• 6. National Institute for Health and Clinical Excellence. CG43 Obesity: full guideline. Obesity: guidance on the prevention, identification, assessment and management of overweight and obesity in adults and children. NICE clinical guideline 43. London: NICE, 2006. http://guidance.nice.org.uk/CG43/Guidance (accessed Aug 2012).
  • 7. National Health and Medical Research Council. Clinical practice guidelines for the management of overweight and obesity in adults. Canberra: NHMRC, 2003. http://health.gov.au/internet/main/publishing.nsf/Content/7AF116AFD4E2EE3 DCA256F190003B91D/$File/adults.pdf (accessed Aug 2012).
  • 8. Lynch J, Belgaumkar A. Bariatric surgery is effective and safe in patients over 55: a systematic review and meta-analysis. Obes Surg 2012; 22: 1507-1516.
  • 9. Picot J, Jones J, Colquitt JL, et al. The clinical effectiveness and cost-effectiveness of bariatric (weight loss) surgery for obesity: a systematic review and economic evaluation. Health Technol Assess 2009; 13: 1-190, 215-357, iii-iv.
  • 10. Garb J, Welch G, Zagarins S, et al. Bariatric surgery for the treatment of morbid obesity: a meta-analysis of weight loss outcomes for laparoscopic adjustable gastric banding and laparoscopic gastric bypass. Obes Surg 2009; 19: 1447-1455.
  • 11. Buchwald H, Estok R, Fahrbach K, et al. Trends in mortality in bariatric surgery: a systematic review and meta-analysis. Surgery 2007; 142: 621-632.
  • 12. Dixon JB, Murphy DK, Segel JE, Finkelstein EA. Impact of laparoscopic adjustable gastric banding on type 2 diabetes. Obes Rev 2011; 13: 57-67.
  • 13. Mingrone G, Panunzi S, De Gaetano A, et al. Bariatric surgery versus conventional medical therapy for type 2 diabetes. N Engl J Med 2012; 366: 1577-1585.
  • 14. Australian Institute of Health and Welfare. Weight loss surgery in Australia. Canberra: AIHW, 2010. (AIHW Cat. No. HSE 91.) http://www. aihw.gov.au/publication-detail/?id=6442472385&tab=2 (accessed Aug 2012).
  • 15. Australian Institute of Health and Welfare. Who is overweight? Canberra: AIHW, 2011. http://www.aihw.gov.au/overweight-and-obesity/prevalence (accessed Aug 2012).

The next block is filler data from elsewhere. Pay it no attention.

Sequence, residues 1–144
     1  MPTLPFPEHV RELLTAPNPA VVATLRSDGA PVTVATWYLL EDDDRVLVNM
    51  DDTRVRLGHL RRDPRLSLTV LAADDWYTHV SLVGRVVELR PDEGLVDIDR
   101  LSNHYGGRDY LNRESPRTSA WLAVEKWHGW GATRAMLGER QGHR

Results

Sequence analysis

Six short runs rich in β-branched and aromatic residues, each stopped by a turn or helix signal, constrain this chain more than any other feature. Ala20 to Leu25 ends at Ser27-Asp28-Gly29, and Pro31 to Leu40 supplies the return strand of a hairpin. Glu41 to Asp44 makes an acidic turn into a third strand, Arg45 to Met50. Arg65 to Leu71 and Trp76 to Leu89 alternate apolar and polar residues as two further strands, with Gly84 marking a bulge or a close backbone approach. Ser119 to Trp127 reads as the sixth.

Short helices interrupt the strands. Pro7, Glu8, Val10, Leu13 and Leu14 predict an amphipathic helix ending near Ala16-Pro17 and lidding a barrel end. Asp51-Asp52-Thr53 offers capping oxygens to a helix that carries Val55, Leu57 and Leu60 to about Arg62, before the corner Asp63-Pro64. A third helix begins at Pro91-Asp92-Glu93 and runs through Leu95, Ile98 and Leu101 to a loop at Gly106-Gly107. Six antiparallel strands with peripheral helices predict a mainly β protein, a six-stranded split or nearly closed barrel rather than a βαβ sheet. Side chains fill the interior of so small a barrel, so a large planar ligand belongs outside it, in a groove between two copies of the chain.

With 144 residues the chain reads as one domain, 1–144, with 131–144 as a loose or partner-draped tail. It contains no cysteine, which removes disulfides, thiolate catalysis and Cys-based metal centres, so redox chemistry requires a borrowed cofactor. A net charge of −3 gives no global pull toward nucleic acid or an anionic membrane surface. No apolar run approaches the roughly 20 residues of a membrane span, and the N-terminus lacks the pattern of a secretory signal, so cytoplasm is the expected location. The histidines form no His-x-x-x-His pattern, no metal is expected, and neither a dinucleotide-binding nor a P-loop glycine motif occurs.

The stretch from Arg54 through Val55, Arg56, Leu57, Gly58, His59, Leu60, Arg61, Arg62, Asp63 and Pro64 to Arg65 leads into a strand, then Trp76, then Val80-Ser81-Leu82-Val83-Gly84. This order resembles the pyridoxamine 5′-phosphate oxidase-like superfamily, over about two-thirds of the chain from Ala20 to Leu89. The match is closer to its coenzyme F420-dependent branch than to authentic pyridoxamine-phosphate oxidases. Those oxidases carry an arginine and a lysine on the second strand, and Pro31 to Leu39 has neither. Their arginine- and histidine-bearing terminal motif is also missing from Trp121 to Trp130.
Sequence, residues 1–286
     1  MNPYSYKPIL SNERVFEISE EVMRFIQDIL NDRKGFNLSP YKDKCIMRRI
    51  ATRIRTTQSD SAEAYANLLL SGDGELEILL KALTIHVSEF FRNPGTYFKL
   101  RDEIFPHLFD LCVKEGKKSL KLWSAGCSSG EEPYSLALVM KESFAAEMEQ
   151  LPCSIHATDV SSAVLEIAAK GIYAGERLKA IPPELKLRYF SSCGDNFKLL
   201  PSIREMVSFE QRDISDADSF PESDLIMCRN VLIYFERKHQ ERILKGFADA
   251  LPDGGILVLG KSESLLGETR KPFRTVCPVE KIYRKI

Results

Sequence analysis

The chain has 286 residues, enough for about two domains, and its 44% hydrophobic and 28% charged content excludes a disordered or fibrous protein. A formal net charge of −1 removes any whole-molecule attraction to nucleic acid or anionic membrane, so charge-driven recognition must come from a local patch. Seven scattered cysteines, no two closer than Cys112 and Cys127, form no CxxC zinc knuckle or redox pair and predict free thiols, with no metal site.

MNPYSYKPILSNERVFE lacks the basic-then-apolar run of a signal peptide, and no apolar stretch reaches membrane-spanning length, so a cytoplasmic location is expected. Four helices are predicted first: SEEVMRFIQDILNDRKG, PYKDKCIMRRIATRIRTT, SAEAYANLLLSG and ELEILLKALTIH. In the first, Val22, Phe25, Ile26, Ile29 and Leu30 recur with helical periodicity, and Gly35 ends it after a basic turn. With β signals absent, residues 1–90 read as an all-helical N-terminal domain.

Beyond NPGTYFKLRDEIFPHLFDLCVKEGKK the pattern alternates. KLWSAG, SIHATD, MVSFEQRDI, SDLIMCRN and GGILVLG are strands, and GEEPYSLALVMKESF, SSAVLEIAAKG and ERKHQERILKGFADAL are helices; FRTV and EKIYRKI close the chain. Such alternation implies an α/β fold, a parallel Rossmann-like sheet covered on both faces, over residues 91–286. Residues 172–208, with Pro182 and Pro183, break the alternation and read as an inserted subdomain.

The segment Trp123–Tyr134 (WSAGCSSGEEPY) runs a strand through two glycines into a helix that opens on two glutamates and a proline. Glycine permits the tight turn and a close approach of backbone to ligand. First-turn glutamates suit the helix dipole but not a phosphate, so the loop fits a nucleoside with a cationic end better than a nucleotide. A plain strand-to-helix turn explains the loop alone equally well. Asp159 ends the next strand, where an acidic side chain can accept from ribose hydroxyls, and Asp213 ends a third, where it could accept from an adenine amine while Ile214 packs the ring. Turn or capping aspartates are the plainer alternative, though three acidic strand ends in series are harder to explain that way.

• 16. Talbot ML, Jorgensen JO, Loi KW. Difficulties in provision of bariatric surgical services to the morbidly obese. Med J Aust 2005; 182: 344-347. <MJA full text>
  • 17. Banks E, Redman S, Jorm L, et al. Cohort profile: the 45 and up study. Int J Epidemiol 2008; 37: 941-947.
  • 18. National Centre for Classification in Health. The international statistical classification of diseases and related health problems, 10th revision, Australian modification (ICD-10-AM). 3rd ed. Sydney: University of Sydney, 2002.
  • 19. Australian Bureau of Statistics. Socio-Economic Indexes for Areas (SEIFA) - Technical Paper 2006. Canberra: ABS, 2008. http://www. ausstats.abs.gov.au/Ausstats/subscriber.nsf/0/72283F45CB86E5FECA 2574170011B271/$File/2039055001_socioeconomic%20indexes% 20for%20areas%20(seifa)%20-%20 technical %20paper_2006.pdf (accessed Aug 2012).
  • 20. Australian Institute of Health and Welfare. Rural, regional and remote health: a guide to remoteness classifications. Canberra: AIHW, 2004. (AIHW Cat. No. PHE 53; Rural Health Series No. 4.) http://www.aihw.gov.au/WorkArea/DownloadAsset.aspx?id=6442459567 (accessed Aug 2012).
  • 21. Ng SP, Korda R, Clements M, et al. Validity of self-reported height and weight and derived body mass index in middle-aged and elderly individuals in Australia. Aust N Z J Public Health 2011; 35: 557-563.
  • 22. Mealing NM, Banks E, Jorm LR, et al. Investigation of relative risk estimates from studies of the same population with contrasting response rates and designs. BMC Med Res Methodol 2010; 10: 26.
  • 23. Ponsonby AL, Dwyer T, Couper D. Is this finding relevant? Generalisation and epidemiology. Aust N Z J Public Health 1996; 20: 54-56.
  • 24. House of Representatives Standing Committee on Health and Ageing. Weighing it up: obesity in Australia. Canberra: Commonwealth of Australia, 2009. http://www.aph.gov.au/Parliamentary_Business/Committees/House_of_Represen tatives_Committees?url=haa/./obesity/report. htm (accessed May 2012).
  • 25. Dixon JB, Zimmet P, Alberti KG, et al. Bariatric surgery: an IDF statement for obese type 2 diabetes. Diabet Med 2011; 28: 628-64.

Author

remove_circle_outline Delete Author
add_circle_outline Add Author

Comment
Do you have any competing interests to declare? *

I/we agree to assign copyright to the Medical Journal of Australia and agree to the Conditions of publication *
I/we agree to the Terms of use of the Medical Journal of Australia *
Email me when people comment on this article